Learn to use a tourniquet, and carry one with you, just in case.

 

Former Senator and full-time Republican fool Rick Santorum was deservedly smothered under a heap of scorn in March 2018 after suggesting that students should learn cardio-pulminary resuscitation (CPR) in case they found themselves and their friends under attack in a school shooting.

 

Several doctors slammed Santorum for obvious idiocy, but Jo Buyske, executive director of the American Board of Surgery, summed it up best in a tweet that said, “Mr. Santorum, CPR doesn’t work if all the blood is on the ground.”

 

Santorum’s underlying impulse wasn’t wrong. Knowing what to do in a borked situation can help you get through it. He just reached for the wrong solution.

 

The best way to stop all the blood from pooling on the ground is to apply a tourniquet. It’s a temporary solution that stops a victim from bleeding out before medical help can arrive.

 

Granted, a tourniquet can be as useless as CPR when a victim has been shot multiple times by an assailant wielding an AR-15. But someone who’s been wounded in an arm or a leg could live to tell the tale if someone ties on a tourniquet in time.

 

Applying a tourniquet is a skill that needs to be learned. If you don’t know what you’re doing, you can make things worse.

 

First, you need to purchase a tourniquet. The Combat Application Tourniquet (CAT) is well-regarded, as is the SOF Tactical Tourniquet-Wide (SOFTT-W). Both are available through Rescue Essentials.

 

 

The CAT:

https://www.rescue-essentials.com/combat-application-tourniquet-c-a-t-tactical-black-gen-7/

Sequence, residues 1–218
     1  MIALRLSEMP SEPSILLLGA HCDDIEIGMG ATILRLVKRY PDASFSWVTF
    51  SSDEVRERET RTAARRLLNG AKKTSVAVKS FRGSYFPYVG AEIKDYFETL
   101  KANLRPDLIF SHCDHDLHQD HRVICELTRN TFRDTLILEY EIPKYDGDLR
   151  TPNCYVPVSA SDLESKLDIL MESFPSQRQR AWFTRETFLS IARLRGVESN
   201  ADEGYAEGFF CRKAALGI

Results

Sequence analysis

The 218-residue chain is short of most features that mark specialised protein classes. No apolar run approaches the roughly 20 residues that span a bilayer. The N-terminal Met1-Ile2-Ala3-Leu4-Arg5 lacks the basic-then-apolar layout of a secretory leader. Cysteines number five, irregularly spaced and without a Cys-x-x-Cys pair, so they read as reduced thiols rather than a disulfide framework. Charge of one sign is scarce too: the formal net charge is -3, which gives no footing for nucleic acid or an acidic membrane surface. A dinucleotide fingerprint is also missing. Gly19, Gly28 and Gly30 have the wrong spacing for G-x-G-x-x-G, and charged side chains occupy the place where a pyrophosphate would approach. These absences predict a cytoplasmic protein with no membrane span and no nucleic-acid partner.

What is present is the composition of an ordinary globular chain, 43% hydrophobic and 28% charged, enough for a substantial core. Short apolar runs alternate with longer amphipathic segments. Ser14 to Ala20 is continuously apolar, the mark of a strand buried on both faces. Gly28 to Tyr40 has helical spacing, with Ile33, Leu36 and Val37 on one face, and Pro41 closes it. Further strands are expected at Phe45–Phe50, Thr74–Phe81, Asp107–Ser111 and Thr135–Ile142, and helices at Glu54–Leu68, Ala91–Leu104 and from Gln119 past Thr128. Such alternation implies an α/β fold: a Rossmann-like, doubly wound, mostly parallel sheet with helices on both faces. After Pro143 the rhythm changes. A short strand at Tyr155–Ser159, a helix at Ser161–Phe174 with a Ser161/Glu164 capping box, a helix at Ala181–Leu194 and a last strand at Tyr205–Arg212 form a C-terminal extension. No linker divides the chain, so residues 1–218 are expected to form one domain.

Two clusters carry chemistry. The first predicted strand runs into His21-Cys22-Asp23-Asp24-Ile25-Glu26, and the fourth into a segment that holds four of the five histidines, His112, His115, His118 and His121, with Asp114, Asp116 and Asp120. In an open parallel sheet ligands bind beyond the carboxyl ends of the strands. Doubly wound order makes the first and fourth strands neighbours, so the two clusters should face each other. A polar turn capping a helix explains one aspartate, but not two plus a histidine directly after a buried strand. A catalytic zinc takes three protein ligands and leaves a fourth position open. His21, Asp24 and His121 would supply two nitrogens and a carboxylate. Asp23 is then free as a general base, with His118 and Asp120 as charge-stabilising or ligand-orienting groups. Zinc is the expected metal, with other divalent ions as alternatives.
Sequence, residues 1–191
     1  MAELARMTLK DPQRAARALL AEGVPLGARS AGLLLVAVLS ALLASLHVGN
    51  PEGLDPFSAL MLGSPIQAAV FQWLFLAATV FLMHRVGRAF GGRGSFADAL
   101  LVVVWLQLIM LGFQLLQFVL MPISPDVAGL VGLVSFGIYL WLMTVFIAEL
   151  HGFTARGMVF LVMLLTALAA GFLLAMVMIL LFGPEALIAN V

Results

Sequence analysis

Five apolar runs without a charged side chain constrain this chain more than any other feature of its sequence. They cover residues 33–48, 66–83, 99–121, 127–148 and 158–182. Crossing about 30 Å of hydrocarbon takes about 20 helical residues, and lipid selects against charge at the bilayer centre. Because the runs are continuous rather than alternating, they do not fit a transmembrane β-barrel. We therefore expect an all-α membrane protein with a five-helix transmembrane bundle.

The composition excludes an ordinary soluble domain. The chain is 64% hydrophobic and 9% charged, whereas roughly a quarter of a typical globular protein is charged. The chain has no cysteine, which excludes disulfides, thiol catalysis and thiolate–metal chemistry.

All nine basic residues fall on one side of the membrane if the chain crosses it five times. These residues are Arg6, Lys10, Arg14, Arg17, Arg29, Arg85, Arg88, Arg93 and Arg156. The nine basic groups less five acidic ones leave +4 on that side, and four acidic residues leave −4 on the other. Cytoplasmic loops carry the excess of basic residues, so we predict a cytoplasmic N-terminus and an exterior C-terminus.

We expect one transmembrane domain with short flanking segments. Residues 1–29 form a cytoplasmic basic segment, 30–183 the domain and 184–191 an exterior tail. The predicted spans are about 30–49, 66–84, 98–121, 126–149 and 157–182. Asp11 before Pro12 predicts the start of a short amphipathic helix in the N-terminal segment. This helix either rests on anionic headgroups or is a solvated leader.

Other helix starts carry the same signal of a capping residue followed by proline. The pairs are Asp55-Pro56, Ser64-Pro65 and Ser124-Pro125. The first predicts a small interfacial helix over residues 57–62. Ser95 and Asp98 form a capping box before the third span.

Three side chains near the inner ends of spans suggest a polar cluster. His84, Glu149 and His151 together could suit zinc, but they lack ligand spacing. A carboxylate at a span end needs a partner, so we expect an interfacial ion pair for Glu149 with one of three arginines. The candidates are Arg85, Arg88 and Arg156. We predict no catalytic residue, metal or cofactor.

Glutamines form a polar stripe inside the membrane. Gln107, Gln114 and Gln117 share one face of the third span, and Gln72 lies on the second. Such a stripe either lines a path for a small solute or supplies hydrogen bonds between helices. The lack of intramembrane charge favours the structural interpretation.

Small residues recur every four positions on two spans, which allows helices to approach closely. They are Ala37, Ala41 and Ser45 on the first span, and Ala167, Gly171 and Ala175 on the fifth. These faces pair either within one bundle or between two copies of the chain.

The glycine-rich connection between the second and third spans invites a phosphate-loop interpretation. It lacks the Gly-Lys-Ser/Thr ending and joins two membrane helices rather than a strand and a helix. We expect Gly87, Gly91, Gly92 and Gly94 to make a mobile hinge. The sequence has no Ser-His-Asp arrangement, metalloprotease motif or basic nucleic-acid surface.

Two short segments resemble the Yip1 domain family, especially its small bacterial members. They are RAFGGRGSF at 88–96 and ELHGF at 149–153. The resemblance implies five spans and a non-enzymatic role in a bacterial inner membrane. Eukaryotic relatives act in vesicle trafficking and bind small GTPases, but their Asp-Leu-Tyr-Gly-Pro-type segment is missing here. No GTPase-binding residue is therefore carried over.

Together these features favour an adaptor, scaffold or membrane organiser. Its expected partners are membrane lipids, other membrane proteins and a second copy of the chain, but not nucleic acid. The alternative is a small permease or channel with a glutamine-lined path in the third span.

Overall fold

The SOFTT-W:

https://www.rescue-essentials.com/softt-w-generation-4-tourniquet/

 

 

Then you need to learn how to apply a tourniquet. Here’s a page from the Massachusetts General Hospital (MGH) website, written by Dr. David R. King, who tended to victims of the 2013 Boston Marathon bombing:

https://giving.massgeneral.org/tourniquet-use-instructions/

 

 

You can also review the instructions offered by Stop the Bleeding, a government-sponsored awareness campaign launched in 2015 to encourage everyday people to teach themselves how to handle a bleeding emergency before medical help arrives:

https://www.dhs.gov/stopthebleed

 

 

If you have a bit more to spend, you might consider a Concealed Carry Trauma Kit, which contains a tourniquet as well as a pair of gloves and a hemostatic agent–a substance that stops bleeding. The kit is designed to fit in a back pocket (hence the reference to ‘concealed carry’).

https://www.rescue-essentials.com/concealed-carry-trauma-kit/

 

 

Read about Rick Santorum making a damn fool of himself and getting flayed by doctors who know better:

https://www.washingtonpost.com/news/morning-mix/wp/2018/03/26/doctors-assure-rick-santorum-learning-cpr-wont-save-mass-shooting-victims/?utm_term=.0e9c26efa749

https://www.thedailybeast.com/doctors-slam-rick-santorum-for-suggesting-kids-learn-cpr-instead-of-protesting

 

 

Also, read an October 2017 WBUR interview with a volunteer from Stop the Bleeding on the power of the tourniquet: